Romance is also a big thing for me because I’m very picky about it. If a romance is going to work for me, I have to feel like the characters have a genuine connection, it has to be a slow burn and it needs to be in the background, not overtaking the main plot. I’ve come to accept that pretty much all YA will have some romance in it, whether I like it or not, so if it has to be there, then I want it to be done well. I’m so sick of love triangles and characters who fall in love after like one day of knowing each other. It’s not realistic and will guarantee a lower rating from me. What I really want from books, more than romance, is strong friendships and character dynamics, I will be far more likely to want to read a book with strong friendship themes than I will a book with strong romance.
I also do like certain styles of writing more than others, although it’s not as big of a deal for me as some of the other things I’ve mentioned. I’m not big on purple prose, I prefer more simple writing. I do like it when I can find pretty quotes in books, but they’re not the be all, end all for me. I’m actually more into dialogue than I am into description, if authors can write sharp, witty, interesting dialogue and have great character dynamics, then I’ll be more likely to like their work than if they string a bunch of pretty descriptions together. I think this again goes back to me not being a particularly visual reader, an author can describe things as prettily as they want to, and it just won’t make a difference to me. Poorly written books with a lot of typos really bother me, because it just feels like no one has bothered to edit them, so they are definitely a break it for me.
2. How Do I Rate Books?
I rate books on a 1-5 scale, like the star system on Goodreads, it just makes it easier to keep track of my ratings that way. This is what my ratings mean:
1 star-DNF. I could not finish the book.
2 stars-I finished the book, but I really didn’t enjoy it.
3 stars-I liked the book, but I still had quite a few problems with it.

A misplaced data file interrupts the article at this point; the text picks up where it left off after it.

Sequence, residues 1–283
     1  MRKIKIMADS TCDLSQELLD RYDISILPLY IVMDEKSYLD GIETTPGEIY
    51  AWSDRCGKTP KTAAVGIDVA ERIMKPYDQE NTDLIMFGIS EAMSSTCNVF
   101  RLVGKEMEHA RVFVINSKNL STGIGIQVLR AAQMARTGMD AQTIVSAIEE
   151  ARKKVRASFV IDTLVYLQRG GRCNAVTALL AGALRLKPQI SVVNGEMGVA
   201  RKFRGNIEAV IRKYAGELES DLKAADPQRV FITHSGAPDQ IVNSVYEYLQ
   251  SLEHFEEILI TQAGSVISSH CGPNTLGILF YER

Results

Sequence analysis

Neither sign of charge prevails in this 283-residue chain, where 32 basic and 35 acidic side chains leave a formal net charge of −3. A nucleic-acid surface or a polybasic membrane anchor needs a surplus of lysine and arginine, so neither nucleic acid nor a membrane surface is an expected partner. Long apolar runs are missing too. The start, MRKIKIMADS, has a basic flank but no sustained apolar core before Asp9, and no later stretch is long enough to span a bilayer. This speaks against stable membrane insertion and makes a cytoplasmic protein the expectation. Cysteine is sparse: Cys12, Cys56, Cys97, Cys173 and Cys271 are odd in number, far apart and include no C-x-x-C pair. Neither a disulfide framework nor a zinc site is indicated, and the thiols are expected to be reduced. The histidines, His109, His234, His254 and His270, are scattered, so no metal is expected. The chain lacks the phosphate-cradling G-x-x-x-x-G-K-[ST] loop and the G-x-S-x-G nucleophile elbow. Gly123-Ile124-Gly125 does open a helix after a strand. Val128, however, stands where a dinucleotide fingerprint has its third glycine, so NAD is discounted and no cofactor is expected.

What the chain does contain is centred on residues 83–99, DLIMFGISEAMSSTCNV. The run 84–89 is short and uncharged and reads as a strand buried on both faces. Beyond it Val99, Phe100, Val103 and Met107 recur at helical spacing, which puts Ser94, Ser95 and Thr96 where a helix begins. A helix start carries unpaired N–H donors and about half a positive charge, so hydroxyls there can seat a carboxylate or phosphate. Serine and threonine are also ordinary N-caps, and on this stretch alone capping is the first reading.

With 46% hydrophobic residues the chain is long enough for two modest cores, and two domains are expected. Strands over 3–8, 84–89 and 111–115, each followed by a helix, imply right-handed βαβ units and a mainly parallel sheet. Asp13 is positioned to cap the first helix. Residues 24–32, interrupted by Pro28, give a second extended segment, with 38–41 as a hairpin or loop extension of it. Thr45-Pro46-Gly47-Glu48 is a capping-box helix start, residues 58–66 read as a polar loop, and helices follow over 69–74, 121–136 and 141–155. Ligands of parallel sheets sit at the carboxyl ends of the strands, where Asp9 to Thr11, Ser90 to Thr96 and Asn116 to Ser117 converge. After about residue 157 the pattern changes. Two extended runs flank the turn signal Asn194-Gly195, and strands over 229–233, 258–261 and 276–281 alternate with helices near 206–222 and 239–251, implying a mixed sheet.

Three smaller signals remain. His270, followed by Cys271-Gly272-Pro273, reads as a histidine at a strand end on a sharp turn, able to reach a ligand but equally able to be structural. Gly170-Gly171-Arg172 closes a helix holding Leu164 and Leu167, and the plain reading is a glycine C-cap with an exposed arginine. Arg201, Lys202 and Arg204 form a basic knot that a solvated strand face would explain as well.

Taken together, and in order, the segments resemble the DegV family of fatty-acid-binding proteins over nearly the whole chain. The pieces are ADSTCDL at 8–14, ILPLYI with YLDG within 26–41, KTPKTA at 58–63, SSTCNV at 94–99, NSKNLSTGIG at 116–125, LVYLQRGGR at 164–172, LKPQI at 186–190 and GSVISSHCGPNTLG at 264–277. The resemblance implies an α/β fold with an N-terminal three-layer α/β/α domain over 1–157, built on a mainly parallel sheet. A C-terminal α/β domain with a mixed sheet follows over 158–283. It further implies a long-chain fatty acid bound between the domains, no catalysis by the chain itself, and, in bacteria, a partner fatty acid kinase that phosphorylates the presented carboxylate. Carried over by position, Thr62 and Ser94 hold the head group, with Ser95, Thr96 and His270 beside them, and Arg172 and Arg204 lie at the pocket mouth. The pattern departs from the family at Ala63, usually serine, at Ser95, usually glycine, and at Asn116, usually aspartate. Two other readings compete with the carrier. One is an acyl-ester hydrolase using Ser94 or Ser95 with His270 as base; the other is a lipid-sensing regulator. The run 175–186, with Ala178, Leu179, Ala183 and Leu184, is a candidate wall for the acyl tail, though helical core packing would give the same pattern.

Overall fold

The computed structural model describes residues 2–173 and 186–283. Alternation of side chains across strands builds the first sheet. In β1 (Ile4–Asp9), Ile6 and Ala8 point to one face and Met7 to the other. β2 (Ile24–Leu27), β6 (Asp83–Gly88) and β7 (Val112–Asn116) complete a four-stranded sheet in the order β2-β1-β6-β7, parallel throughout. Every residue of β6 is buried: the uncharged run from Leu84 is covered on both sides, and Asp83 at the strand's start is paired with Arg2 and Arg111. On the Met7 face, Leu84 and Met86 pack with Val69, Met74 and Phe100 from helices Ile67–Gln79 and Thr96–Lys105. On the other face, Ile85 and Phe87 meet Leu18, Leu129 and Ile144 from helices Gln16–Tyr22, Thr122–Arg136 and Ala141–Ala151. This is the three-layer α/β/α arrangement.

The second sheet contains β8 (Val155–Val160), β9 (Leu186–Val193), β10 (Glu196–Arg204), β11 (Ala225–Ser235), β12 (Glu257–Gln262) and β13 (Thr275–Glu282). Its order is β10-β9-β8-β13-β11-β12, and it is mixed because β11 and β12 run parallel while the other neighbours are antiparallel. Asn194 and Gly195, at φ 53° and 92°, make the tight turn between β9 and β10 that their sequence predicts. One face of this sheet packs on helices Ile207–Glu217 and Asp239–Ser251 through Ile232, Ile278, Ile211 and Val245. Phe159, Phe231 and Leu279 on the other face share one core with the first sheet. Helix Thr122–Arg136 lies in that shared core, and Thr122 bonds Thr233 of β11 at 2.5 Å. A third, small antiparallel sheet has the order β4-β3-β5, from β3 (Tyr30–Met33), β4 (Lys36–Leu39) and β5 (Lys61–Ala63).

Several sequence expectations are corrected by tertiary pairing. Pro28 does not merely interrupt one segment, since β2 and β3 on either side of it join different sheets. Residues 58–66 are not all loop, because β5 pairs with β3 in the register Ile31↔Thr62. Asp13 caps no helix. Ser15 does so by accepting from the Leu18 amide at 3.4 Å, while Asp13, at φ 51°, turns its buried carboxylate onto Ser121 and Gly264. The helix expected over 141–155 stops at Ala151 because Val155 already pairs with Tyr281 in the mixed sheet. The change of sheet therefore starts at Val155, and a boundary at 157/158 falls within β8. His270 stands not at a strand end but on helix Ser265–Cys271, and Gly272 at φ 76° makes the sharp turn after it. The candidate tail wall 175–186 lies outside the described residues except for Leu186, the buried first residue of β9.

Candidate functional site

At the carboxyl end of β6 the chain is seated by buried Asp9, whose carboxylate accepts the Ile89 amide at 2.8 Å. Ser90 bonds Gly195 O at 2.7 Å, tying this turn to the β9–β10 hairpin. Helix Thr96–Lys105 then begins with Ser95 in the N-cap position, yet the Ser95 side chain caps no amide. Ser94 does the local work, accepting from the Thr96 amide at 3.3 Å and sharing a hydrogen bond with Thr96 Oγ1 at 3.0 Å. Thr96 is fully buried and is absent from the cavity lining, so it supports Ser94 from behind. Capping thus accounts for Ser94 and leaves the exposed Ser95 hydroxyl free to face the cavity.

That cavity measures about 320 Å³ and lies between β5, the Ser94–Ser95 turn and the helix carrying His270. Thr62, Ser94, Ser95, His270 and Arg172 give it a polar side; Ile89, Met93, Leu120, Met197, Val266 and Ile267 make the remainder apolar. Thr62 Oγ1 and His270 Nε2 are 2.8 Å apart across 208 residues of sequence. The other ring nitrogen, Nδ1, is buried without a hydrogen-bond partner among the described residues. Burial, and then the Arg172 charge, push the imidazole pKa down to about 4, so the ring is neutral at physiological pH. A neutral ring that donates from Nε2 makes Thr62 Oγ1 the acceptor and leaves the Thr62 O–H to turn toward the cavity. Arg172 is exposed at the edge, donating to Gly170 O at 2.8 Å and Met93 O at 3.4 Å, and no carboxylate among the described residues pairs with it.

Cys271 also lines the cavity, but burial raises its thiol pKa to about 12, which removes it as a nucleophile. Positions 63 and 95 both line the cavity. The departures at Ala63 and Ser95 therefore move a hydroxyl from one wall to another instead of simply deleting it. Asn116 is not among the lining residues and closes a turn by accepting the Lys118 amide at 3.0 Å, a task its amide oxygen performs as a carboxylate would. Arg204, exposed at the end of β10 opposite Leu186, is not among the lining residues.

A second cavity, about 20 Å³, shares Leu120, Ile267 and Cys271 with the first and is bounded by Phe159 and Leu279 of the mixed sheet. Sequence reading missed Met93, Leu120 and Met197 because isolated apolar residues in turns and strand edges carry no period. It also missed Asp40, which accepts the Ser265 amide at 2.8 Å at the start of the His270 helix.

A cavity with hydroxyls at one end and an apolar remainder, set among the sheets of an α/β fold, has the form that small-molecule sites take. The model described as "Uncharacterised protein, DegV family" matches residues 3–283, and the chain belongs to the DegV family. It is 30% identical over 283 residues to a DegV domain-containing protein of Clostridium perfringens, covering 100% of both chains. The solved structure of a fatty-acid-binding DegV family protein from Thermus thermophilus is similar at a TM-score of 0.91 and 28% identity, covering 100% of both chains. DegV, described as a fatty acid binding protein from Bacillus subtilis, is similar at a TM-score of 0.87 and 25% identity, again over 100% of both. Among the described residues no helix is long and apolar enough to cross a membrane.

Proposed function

4 stars-I really, really enjoyed the book, it just didn’t have the extra “something” that a 5 star book has.
5 stars-I absolutely LOVED the book.
Ratings are honestly kind of arbitrary for me, because I might rate a book the same, but it doesn’t necessarily mean that I liked it the same as another book I rated that way. There’s a spectrum, there will be some 3 star books that I like better than others, or some 5 star books that I don’t like as much as others, My ratings generally mean that the books made me feel a similar way. I like to think I’m kind of a mix of analytical and emotional reviewer, I will analyse certain technical aspects of the book in my review, but I also rate based on how a book makes me feel and that’s honestly more important to me. I’m not really looking for “great literature” when I read, I read for enjoyment and what I really want is just a great story. It doesn’t matter to me if the author isn’t going to be the next Dickens or Austen, if the story is good, I feel connected to the characters and the world and the author manages to make me feel something, no matter what that feeling is, then that is great literature to me, whether it’s won awards or not. Because that’s the most important thing about reading for me, it’s a way of making you feel, and emote and connect to other people.